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Learn About "Pictures at an Exhibition" by Modest Mussorgsky

Pictures at an Exhibition: In Memoriam 

Pictures at an Exhibition, by Russian composer, Modest Mussorgsky (1839 - 1881) in the Romantic era, was a piano suite composed in the year 1874. This was written in 10 movements and based on the paintings of Viktor Hartmann, a Russian painter. Mussorgsky and Hartmann were close friends, and the latter’s death in 1873 deeply touched and consequently inspired the composer to write the piece. 

Russian Composer, Mussorgsky

Viktor Hartmann’s death had a significant effect on the artistic populace of Moscow. Vladimir Stasov, a critic by profession, honored the deceased artist by setting up an exhibition of his paintings in 1874. This display affected Mussorgsky enough to compose Pictures at an Exhibition, although it was published posthumously, as the composer fell to alcoholism. Nikolai Rimsky-Korsakov, a member of “The Five”, a musical group of which Mussorgsky himself was a part of, edited and corrected the manuscript to publish it in 1886. 

Russian painter, Viktor Hartmann

Similar to his other works, Mussorgsky’s Pictures at an Exhibition was exposed to the criticism and ‘corrections’ of his contemporaries. They worked toward removing the mistakes in the composition when, in actuality, the original had Mussorgsky’s unique style. It is to be noted that despite having nothing but good intentions, Nikolai Rimsky-Korsakov, made some major changes to the original piece before publishing it. It was the year 1931 when Mussorgsky’s exact composition got published. 

The movements in Pictures at an Exhibition attempt to record Viktor Hartmann’s artistic displays in the form of music. A part of the music may have also been based on paintings privately displayed to Mussorgsky by Hartmann. A musical promenade was composed by Mussorgsky, where the artist was himself stated as moving from picture to picture. The promenade acts as a transition between pictures and changing tones.

Ten Movements:

The musical representations of ten of Hartmann’s art pieces are eccentrically mixed with the “Promenade” theme. The ten movements are as follows:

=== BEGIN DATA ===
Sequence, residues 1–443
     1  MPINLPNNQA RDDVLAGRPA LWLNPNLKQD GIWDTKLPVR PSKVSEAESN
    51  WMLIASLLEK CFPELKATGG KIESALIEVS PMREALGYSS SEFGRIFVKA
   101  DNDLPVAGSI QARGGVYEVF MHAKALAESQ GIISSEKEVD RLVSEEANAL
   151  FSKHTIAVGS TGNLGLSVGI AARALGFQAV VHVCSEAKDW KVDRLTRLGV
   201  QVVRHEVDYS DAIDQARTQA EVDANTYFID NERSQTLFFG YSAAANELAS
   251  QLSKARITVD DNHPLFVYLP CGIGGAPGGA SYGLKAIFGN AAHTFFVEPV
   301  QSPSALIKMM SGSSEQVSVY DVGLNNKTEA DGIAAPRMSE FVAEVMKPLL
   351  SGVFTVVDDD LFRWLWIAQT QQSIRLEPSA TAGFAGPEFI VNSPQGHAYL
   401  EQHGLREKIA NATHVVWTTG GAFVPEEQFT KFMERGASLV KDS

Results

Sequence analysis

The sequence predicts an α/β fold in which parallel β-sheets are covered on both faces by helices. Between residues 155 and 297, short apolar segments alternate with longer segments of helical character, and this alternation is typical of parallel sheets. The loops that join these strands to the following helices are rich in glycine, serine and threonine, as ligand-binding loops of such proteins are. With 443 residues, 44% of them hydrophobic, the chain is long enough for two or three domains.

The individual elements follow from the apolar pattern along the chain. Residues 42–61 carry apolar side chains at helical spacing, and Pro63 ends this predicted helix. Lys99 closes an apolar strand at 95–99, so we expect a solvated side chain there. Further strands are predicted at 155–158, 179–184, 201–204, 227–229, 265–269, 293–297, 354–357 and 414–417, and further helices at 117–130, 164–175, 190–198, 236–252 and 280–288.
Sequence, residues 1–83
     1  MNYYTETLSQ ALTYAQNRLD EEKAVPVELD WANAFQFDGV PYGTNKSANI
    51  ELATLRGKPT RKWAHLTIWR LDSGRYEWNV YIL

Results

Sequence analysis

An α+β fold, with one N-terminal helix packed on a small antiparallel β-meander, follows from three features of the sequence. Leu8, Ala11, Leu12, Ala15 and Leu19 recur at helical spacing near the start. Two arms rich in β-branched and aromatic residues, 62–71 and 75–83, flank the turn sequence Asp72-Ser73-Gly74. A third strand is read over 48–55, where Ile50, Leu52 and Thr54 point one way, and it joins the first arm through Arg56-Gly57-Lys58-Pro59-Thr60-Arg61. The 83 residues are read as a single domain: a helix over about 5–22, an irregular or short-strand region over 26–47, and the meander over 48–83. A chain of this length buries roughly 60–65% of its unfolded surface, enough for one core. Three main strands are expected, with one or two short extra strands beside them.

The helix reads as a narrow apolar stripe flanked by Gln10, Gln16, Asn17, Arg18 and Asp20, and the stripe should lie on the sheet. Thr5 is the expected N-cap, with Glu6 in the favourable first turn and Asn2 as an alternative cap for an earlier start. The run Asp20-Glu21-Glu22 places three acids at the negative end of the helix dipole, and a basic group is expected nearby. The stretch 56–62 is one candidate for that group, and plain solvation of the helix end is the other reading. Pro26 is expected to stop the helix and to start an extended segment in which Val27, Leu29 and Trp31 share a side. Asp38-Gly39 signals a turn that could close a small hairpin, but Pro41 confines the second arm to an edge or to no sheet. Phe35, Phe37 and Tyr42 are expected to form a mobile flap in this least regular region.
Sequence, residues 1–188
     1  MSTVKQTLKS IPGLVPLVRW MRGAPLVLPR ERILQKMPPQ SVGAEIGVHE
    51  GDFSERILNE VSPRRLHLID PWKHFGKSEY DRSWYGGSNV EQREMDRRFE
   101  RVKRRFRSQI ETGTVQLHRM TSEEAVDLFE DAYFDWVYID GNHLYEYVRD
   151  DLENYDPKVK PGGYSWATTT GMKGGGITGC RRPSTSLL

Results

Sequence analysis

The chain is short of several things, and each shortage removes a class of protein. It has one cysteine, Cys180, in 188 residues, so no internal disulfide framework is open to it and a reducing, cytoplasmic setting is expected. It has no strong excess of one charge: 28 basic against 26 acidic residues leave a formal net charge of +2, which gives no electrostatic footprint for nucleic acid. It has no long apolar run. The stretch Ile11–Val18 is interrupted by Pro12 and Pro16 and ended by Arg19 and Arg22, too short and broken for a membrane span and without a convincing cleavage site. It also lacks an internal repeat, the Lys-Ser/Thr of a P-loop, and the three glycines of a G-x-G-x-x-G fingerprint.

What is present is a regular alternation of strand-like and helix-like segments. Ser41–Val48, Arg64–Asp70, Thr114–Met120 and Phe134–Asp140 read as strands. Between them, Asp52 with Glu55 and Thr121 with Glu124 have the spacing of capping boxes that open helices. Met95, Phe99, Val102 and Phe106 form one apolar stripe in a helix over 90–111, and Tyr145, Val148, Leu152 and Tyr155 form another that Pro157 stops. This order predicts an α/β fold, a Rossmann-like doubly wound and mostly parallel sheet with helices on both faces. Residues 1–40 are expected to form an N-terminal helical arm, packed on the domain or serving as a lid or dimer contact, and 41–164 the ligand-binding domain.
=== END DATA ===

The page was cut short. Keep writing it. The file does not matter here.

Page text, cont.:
• “The Gnome”, which portrays a dwarf through irregular rhythms. 
  • “The Old Castle”, which is a grim take on a troubadour singing on castle grounds. 
  • “Tuileries” is a depiction of playing children at the Tuileries Gardens in Paris.
  • “Cattle”, which is a thoughtful projection of a large Polish ox cart.
  • “Ballet of the Unhatched Chicks” depicts a work by Hartmann with regard to a children’s ballet.
  • “Samuel Goldenberg & Schmuyle”, where the audience can comprehend a shift from loud to a low-profile theme in the conversation between the Jews.
  • “The Market at Limoges”, which reminds of folk songs. 
  • “The Catacombs”, which is wrought with a cold progression of the tune with ominous chords. 
  • “The Hut on Fowl’s Legs” is dark and horrifying, complete with nightmarish imagery.
  • “The Great Gate of Kiev” is the final movement with virtuosic octaves.

The music shifts between 6/4 and 5/4 time, and this results in an irregular metric pacing. This identifies with an art lover moving through a museum, from one painting to the next. The contradictions in the movements are many. From the introspective old-world music in “Il Vecchio Castello” to the chaotic tune of “Ballet of the Unhatched Chicks.” From the pompous beginning of “Samuel Goldenberg and Schmuyle” to the passively menacing style of “The Hut on Fowl's Legs.” We are treated to compositional wonders.

It is a fact that the piece was originally created for the solo piano, but its initial popularity for a long time was in the orchestral form. The most famous version of this modification was arranged by composer Maurice Ravel of France, in 1922. Composers Sir Henry J. Wood in 1918 and Leopold Stokowski in 1939, also played significant roles in making Pictures at an Exhibition famous. In a more modern setting, British rock band “Emerson, Lake, and Palmer” released an album in 1971, with their interpretation of the piece. 

The original Mussorgsky version is all about multi-layered music imbibed with energy and vitality. The major requirement for an artist to play Pictures at an Exhibition is to be able to move between soothing melody, humorous tunes and pounding rhythms. In all honesty, Mussorgsky composed some of the best pieces of his time, of which, Pictures at an Exhibition stands out as an achievement in itself, with its wide spectrum of variations. 


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